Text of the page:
The European Commission developed a Directive on Data Protection which was put into effect in 1998. The protection plan was designed to prohibit personal data to countries that are not in Europe and specifically to countries that do not meet their high standard of privacy protection. The United States and the European Union have different approaches to protecting citizen’s privacy. The “Safe Harbor” framework was designed to help bridge the differences between the two regions. Safe Harbor Privacy Principles made it possible for organizations doing business with the EU to abide by the Swiss data protection laws. Companies are encouraged to join the Safe Harbor framework so that consumer’s personal data is protected during international transactions.

Requirements of Safe Harbor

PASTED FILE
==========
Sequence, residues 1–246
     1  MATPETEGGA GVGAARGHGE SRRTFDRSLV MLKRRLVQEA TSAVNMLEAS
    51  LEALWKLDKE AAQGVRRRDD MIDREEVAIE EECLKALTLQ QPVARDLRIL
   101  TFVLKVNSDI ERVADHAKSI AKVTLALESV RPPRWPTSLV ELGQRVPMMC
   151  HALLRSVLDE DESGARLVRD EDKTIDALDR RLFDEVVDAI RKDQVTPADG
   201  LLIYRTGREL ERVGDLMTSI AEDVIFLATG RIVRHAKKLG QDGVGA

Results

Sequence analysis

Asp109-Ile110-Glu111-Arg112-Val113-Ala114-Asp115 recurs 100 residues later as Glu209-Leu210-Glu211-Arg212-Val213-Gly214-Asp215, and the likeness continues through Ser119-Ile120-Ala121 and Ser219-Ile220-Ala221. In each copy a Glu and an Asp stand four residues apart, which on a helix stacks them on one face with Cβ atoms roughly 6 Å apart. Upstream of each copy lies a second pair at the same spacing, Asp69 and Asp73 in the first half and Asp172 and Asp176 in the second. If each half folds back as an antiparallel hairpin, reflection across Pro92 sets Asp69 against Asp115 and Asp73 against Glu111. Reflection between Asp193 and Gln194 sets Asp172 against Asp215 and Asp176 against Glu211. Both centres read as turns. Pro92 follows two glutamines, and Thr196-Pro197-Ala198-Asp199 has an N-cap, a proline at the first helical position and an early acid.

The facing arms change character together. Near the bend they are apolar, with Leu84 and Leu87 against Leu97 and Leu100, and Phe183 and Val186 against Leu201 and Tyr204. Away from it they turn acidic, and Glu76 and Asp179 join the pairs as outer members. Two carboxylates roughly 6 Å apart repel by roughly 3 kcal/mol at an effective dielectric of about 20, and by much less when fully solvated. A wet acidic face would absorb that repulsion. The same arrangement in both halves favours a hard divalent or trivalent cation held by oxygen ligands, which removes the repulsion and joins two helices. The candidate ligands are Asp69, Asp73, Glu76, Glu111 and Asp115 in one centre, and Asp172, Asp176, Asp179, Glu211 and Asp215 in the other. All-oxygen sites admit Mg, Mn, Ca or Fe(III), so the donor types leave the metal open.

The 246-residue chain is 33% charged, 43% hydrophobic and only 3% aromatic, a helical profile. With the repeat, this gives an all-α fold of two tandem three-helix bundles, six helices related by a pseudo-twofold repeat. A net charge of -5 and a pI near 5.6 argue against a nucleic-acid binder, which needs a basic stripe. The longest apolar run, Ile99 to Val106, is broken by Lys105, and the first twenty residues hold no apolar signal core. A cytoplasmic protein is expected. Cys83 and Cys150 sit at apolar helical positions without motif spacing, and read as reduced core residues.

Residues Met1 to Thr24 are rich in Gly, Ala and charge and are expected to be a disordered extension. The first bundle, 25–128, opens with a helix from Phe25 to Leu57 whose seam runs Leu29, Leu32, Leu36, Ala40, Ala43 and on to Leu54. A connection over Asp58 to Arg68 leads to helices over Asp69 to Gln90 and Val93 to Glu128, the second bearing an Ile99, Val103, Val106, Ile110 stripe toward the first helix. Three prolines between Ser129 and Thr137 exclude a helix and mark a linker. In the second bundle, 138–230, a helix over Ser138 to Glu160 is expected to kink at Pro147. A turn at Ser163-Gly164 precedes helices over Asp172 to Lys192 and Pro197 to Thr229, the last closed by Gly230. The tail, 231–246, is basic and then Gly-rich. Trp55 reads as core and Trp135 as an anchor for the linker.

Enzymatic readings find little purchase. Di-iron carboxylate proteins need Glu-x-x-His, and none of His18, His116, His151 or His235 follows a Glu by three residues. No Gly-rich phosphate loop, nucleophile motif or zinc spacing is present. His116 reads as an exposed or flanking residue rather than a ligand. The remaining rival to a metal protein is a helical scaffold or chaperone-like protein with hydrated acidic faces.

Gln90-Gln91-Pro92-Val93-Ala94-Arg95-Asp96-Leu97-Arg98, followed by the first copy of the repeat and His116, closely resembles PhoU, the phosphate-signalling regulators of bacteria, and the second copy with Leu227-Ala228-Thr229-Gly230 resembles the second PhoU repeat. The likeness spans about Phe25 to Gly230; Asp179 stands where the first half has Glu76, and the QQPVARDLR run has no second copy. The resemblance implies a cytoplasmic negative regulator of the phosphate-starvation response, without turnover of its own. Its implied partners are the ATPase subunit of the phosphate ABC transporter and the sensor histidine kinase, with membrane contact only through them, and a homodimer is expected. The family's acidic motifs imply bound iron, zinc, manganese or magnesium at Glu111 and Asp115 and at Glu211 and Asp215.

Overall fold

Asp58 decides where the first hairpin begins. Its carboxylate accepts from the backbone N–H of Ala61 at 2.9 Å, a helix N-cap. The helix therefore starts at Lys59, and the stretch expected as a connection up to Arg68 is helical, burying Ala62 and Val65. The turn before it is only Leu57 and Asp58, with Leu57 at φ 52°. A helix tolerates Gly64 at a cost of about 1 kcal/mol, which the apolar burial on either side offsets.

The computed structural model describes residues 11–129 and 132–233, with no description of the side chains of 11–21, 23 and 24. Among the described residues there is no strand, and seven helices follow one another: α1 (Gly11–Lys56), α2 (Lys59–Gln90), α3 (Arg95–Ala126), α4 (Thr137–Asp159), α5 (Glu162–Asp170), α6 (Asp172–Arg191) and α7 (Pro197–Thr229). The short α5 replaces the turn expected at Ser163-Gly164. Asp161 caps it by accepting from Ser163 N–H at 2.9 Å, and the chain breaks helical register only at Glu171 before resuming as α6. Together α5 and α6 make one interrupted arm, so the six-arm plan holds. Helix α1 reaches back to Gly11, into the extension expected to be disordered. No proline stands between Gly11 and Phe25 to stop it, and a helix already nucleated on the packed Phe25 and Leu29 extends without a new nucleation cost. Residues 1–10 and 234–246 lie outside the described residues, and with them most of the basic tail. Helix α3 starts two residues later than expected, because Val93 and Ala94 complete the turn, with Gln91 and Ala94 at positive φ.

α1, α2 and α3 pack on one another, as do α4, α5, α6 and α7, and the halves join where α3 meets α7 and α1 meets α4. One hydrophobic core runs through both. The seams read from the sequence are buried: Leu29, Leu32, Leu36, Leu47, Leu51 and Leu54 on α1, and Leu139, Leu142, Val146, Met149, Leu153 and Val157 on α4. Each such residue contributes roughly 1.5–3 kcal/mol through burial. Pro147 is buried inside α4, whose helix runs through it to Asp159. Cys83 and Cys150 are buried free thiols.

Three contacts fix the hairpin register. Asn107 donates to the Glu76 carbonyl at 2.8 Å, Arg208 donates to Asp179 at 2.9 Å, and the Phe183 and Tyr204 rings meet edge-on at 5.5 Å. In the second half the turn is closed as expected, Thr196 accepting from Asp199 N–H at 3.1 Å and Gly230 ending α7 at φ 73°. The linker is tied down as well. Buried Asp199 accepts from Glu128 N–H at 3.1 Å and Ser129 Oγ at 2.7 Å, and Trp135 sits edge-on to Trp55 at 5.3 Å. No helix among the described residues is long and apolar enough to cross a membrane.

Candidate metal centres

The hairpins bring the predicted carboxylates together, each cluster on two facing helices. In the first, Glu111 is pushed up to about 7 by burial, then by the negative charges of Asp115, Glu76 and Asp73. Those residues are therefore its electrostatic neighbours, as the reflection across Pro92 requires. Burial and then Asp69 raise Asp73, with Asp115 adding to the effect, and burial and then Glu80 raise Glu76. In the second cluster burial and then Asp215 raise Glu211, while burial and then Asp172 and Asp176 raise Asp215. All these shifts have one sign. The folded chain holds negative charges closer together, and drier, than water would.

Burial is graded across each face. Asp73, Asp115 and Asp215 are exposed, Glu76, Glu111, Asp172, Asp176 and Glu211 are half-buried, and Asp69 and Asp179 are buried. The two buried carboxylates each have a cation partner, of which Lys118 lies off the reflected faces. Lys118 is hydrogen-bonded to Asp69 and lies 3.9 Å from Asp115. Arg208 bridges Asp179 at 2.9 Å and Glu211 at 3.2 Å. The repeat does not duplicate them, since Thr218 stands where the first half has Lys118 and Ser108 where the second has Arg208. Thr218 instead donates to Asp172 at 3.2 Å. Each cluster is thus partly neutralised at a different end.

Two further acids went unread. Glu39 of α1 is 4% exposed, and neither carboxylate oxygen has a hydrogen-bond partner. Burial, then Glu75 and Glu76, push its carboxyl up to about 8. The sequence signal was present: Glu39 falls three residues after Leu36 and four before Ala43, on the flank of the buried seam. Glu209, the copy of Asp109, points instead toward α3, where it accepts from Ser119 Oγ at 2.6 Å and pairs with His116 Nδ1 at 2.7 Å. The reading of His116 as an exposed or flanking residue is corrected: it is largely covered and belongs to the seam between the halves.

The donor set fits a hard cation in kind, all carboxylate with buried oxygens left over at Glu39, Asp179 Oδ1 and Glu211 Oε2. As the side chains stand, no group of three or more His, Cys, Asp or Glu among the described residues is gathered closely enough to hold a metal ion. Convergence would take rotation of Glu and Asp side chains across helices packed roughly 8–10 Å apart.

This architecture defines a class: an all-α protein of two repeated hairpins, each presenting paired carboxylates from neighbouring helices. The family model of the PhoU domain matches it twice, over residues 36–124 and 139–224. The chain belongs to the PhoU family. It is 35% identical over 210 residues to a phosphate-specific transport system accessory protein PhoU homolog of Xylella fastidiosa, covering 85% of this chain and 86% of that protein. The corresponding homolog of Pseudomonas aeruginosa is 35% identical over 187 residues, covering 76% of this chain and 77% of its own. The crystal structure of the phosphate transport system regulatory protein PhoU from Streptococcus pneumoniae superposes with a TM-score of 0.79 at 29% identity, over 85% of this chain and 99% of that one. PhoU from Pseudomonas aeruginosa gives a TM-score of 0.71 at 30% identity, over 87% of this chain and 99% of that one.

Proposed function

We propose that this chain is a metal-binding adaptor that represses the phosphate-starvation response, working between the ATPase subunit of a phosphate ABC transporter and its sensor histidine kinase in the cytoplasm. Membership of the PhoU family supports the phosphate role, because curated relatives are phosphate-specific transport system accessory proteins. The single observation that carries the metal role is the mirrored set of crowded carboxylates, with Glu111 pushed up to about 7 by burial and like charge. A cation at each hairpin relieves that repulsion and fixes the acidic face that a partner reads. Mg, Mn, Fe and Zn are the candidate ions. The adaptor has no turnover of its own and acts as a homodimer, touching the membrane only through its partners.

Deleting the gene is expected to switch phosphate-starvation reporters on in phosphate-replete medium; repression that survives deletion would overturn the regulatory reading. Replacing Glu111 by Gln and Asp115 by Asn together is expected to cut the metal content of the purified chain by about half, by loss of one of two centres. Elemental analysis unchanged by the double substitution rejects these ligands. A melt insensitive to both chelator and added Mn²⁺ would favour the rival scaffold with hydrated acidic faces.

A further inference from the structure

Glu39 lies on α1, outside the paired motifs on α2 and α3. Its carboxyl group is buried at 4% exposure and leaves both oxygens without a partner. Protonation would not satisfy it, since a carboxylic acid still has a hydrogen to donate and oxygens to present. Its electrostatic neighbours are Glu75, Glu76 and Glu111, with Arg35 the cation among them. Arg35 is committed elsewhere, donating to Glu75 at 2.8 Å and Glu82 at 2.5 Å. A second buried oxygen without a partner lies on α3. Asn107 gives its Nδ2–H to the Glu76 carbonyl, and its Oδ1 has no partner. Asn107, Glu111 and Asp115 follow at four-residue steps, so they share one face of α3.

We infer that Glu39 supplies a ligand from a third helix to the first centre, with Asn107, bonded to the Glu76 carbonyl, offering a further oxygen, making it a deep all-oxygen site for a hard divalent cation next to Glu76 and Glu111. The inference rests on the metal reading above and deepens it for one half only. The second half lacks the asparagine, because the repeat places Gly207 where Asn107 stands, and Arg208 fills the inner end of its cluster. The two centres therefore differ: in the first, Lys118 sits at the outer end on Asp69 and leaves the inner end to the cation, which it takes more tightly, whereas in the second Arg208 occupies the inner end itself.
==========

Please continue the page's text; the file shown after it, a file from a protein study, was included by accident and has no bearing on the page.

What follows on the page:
There are some stipulations required by Safe Harbor. In order to be able to collect data from consumers in EU countries, businesses in the US have to comply with these stipulations. IN essence they must agree to follow the seven principles of Safe Harbor which include:

  • Notifying individuals that their personal data is being collected
  • Giving consumers choices about how their personal data is to be used
  • Ensuring that personal data will be accurate and dealt with in integrity
  • Allowing consumers access to the data which was collected and allowed to correct it if needed
  • Protecting the security of personal data
  • Complying with restrictions regarding transferring of the collected data
  • Providing independent dispute resolution for complaints about data collection

Establishing an Agreement

The agreement between the US and the EU helps provide a solution for privacy issues. The 15 member countries must remain subject to the agreement. This simply means that data transfers are allowed to proceed without having to obtain authorization from each individual. US companies that fail to join Safe Harbor have to obtain authorization from each of the European countries separately. Organizations in the EU have access to a list of US companies that have jointed Safe Harbor and have agreed to follow the principle as they are set forth.